• Watch Hula – Several venues in Waikīkī offer live performances that showcase Hawaiian culture, including traditional hula dancing and music. These hula and music presentations are available to the public at no cost, thanks to the hosts’ kindness. As these events tend to be quite popular, arriving early for prime seating is advisable. You can experience Hula every day, Center stage at Ala Moan Center Daily at 5PM and every Sunday at 1 p.m. for Keiki (kids) Hula. At Kuhio Beach Hula Mound, you can enjoy free Hula year-round Tuesdays & Saturdays, 6:30-7:30pm (Feb-Oct) & 6-7pm (Nov-Jan). The International Marketplace provides a free Hula Show on, Mondays, Wednesdays & Fridays, 7pm (Mar-Aug) & 6:30pm (Sep-Feb)
  • See Fireworks – Every Friday at 7:45 pm, the Hilton Hawaiian Village puts on its fireworks show. Although the fireworks is a finale for one of their resort shows, anyone can see the fireworks! Since all beaches in Hawaii are free and open to the public, you can bring a towel, sit on the beach, and watch for free.
    Pro Tip: Walking along Waikiki beach at night is a favorite thing to do in Waikiki. The lights from the city keep the beach illuminated, but it’s quieter, cooler, and less crowded than during the day. Going on a walk on the beach after a nice dinner in Waikiki.
  • Hike the Makapu’u Lighthouse Trail – Some hiking trails on Oahu cost money to park at or enter. But the Makapu’u Lighthouse Trail is always free. This trail was recently renovated and it completely paved, with a number of lookout points along the way. The parking can be tricky because this hike has gotten so popular. I highly recommend going early in the morning to beat the crowds and the sun. The trail is short but steep in parts, so take your time and enjoy the beautiful views!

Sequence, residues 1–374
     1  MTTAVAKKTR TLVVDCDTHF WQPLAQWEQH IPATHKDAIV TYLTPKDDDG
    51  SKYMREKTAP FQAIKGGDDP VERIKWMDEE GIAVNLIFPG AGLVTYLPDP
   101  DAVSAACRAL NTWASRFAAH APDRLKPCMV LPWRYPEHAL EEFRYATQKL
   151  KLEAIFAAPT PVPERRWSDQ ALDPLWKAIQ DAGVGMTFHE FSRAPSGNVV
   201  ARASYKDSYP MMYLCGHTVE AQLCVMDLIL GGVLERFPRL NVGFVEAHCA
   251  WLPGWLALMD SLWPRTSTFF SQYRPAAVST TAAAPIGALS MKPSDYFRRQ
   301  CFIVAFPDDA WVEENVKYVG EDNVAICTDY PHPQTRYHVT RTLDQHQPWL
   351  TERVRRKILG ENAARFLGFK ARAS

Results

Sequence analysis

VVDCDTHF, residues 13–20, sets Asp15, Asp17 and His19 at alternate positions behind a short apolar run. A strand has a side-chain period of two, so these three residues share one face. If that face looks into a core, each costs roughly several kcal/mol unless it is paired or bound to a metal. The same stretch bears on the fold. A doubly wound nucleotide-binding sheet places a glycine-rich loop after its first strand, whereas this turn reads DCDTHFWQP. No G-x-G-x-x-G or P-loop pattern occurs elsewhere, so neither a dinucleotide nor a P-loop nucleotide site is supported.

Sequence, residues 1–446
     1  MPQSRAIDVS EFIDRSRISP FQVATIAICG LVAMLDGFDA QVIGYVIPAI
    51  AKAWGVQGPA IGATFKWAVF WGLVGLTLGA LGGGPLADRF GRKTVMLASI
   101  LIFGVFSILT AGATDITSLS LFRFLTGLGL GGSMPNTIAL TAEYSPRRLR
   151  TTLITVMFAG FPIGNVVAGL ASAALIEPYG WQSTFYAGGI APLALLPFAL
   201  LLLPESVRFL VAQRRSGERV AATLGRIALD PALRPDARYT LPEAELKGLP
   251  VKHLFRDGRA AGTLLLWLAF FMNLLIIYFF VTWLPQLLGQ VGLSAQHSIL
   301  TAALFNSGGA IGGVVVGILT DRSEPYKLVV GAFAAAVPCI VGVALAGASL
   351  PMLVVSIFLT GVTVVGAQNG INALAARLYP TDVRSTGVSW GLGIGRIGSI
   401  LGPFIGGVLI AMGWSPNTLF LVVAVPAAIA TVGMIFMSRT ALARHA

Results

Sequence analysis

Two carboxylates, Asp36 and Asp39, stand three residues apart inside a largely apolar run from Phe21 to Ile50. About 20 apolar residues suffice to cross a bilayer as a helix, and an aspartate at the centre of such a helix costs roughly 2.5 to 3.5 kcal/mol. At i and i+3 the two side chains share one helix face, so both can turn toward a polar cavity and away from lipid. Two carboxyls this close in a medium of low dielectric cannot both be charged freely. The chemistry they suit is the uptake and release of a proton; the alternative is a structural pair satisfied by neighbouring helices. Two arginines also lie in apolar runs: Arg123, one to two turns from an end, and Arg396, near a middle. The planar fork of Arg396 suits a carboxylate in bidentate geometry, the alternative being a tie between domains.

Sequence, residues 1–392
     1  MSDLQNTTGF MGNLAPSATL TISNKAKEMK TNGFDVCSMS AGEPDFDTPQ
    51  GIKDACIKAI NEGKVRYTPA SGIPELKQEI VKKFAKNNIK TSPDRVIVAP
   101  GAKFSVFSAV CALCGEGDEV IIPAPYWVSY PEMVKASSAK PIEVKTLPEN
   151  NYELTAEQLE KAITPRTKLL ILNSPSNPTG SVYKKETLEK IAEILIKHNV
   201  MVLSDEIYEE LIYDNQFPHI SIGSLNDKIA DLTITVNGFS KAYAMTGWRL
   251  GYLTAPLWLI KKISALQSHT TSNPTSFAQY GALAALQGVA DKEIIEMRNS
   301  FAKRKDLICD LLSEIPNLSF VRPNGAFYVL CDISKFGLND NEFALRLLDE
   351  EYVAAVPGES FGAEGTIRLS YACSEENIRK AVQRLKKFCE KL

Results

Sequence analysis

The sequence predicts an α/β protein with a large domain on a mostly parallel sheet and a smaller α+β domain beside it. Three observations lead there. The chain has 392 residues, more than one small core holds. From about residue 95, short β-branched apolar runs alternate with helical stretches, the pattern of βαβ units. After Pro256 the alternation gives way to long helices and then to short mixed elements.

There is absolutely no shade on this trail, no bathrooms, and no water fountains. Come prepared by wearing sneakers, a hat,  sunglasses, and sunscreen. Carry water with you during your hike. Pro Tip: In the winter, the Makapu’u Lighthouse Trail is a great – and free – place to look for whales!
  • Visit the National Memorial Cemetery of the Pacific – Although not as popular as some other historical sights, this is a solemn, breathtaking experience. Burial in a national cemetery is open to all armed forces members who have met a minimum active duty service requirement and were discharged under conditions other than dishonorable. Punchbowl Crater was created between 75,000 and 100,000 years ago when hot lava ejected through cracks in the coral reefs. Its Hawaiian name, “Puowaina,” translates to “Hill of Sacrifice.” Although it took many years to get the funding for the National Memorial Cemetery of the Pacific, it was important to many to have a place permanent burial site in Hawaii. The cemetery opened to the public on July 19, 1949, with services for four servicemen and war correspondent Ernie Pyle. The cemetery is open daily. Sept. 30 through March 1, it is open from 8:00 a.m. until 5:30 p.m. March 2 through Sept. 29, it is open from 8:00 a.m. until 6:30 p.m. On Memorial Day, the cemetery is open from 7:00 a.m. until 7:00 p.m.